Scottish National Dictionary (1700–)

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MITHER, n., v. Also midder (Sh., ne.Sc.); mideer (Sc. a.1818 Mother's Malison in Child Ballads No. 216 A. xxii.); moder (Sh. 1914 Angus Gl.), moeder (Sh. 1866 Edm. Gl.); ¶medder (n.Sc. c.1805 Child Ballads (1956) V. 221). Sc. forms of Eng. mother. Hence mitherlie (Sc. 1825 Jam.), midderly (Abd. 1923 R. Cassie Heid or Hert vi.), mitherliness (Sc. 1825 Jam.), mitherless (Per. c.1800 Lady Nairne Mitherless Lammie i.; Abd. 1844 W. Thom Poems 104). [Sc. ′mɪðər; Sh., ne.Sc. ′mɪd-]

I. n. 1. Sc. gen. combs. and derivs.: (1) clocksmidder, a hen with chickens (I.Sc. 1963). See also Clock, n.1, III.; (2) midder bag, the bag of instruments carried by a doctor when attending a birth; (3) mither's bairn, a spoilt, indulged child. Gen.Sc.; (4) Mither's caridge, Mother's carritch, see Carritch, n., 1. (1) and (10) below; (5) mother-di, moderdai, -dy, see Die, n.2, 3.; (6) midder-herdit, steered or shepherded by one's mother; (7) mother-hill, in regard to a sheep: the stretch of land on which it grazed with its mother; (8) motherie, a small delicately-coloured shell used for making necklaces (Bnff., Ags. 1963). Prob. a shortened dim. form of mother-of-pearl; (9) mither's pet, the youngest child of a family (Gall. 1824 MacTaggart Gallov. Encycl. 348; Cai. 1903 E.D.D.). Gen.Sc.; (10) Mother's Questions, a simplified form of the Shorter Catechism, compiled in 1731 by the Rev. J. Willison of Dundee for the use of mothers in teaching their children. See also (4); (11) mother-side, the maternal side or line of descent, mother being orig. the uninflected genitive case. Gen.Sc. Cf. 3. (1); (12) moder-sook, a shoreward drift or current by which seamen steered towards the shore in bad visibility before the marine compass came into general use (Sh. 1963). See also (5), ebb-midder s.v. Ebb, and Souk; (13) motherstone, see quot.; (14) mither wife, a mother, a married woman who has borne a child. (1) Sh. 1897 Shetland News (19 June):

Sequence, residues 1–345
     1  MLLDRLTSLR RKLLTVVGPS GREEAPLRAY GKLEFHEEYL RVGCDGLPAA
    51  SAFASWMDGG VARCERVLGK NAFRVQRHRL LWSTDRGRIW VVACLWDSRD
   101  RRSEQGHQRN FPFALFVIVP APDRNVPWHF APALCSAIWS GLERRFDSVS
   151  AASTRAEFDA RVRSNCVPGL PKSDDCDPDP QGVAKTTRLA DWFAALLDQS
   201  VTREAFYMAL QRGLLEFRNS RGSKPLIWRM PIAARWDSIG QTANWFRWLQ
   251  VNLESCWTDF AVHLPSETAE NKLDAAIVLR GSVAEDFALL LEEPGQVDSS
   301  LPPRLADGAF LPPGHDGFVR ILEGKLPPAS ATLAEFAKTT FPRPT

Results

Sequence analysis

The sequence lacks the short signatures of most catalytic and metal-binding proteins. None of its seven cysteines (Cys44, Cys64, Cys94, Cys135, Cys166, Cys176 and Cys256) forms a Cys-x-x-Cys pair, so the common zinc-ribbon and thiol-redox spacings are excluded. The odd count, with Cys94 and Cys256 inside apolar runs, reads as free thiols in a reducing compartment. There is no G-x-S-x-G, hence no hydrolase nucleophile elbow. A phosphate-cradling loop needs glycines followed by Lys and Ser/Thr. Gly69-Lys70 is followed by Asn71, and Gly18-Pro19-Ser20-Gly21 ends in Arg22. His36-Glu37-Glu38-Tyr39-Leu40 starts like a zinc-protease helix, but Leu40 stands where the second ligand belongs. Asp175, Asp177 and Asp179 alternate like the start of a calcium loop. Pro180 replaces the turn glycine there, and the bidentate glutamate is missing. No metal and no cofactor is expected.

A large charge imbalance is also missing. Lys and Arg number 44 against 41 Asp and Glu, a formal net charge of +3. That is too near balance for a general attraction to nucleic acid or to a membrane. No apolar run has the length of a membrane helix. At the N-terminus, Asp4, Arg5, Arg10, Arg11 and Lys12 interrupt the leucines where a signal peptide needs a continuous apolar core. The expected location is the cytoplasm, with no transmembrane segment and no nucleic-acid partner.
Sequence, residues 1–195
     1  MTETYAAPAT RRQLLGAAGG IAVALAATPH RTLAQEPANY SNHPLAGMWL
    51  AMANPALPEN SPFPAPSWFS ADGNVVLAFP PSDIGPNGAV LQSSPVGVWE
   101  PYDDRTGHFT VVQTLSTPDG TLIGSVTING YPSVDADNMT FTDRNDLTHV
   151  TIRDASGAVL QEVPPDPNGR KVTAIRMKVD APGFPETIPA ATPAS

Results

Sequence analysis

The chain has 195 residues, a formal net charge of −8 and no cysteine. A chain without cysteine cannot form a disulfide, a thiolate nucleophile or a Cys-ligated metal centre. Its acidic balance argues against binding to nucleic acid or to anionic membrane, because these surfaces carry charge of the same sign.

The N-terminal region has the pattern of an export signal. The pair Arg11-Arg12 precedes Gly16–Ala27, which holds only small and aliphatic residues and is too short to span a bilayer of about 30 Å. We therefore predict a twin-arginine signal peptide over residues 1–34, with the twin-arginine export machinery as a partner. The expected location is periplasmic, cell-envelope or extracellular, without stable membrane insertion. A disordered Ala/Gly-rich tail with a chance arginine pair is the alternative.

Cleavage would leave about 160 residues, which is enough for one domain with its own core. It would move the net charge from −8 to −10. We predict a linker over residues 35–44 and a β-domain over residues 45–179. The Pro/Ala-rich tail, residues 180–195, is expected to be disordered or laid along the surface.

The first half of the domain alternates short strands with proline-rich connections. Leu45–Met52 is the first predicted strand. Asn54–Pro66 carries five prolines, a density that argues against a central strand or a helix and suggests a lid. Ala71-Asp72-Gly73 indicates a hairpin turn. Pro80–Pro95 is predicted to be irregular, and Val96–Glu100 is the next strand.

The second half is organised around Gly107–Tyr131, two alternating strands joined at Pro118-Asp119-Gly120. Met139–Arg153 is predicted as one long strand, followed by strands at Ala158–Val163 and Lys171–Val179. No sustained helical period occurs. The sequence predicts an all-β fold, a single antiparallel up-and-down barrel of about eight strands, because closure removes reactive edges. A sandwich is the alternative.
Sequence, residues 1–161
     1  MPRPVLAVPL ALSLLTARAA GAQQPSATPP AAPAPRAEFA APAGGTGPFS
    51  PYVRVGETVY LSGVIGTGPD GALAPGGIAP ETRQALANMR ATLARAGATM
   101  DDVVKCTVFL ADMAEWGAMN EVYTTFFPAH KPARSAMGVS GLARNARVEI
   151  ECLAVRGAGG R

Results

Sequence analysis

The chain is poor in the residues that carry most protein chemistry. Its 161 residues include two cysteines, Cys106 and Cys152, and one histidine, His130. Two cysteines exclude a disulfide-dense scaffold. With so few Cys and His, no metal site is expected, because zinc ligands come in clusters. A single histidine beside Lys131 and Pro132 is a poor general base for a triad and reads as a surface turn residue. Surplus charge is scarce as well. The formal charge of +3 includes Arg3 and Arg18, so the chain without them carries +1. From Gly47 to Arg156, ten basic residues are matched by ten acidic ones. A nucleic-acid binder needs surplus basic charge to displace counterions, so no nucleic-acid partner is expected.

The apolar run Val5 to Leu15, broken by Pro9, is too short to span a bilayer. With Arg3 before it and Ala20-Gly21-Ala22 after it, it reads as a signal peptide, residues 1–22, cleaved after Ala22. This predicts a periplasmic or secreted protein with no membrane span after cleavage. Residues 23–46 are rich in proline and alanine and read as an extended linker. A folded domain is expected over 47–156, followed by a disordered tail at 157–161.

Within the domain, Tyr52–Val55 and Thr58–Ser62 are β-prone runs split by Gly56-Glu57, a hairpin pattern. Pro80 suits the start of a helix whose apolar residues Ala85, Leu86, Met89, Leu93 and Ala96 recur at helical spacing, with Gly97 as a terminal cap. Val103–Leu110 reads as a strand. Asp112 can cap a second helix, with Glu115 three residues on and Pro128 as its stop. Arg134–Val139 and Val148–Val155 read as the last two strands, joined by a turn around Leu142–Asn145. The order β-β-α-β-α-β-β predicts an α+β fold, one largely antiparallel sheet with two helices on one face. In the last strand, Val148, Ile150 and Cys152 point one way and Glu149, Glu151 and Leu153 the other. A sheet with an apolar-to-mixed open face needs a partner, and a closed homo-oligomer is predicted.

A lauchter o' as pretty shikens is could rin wi' a clocksmidder.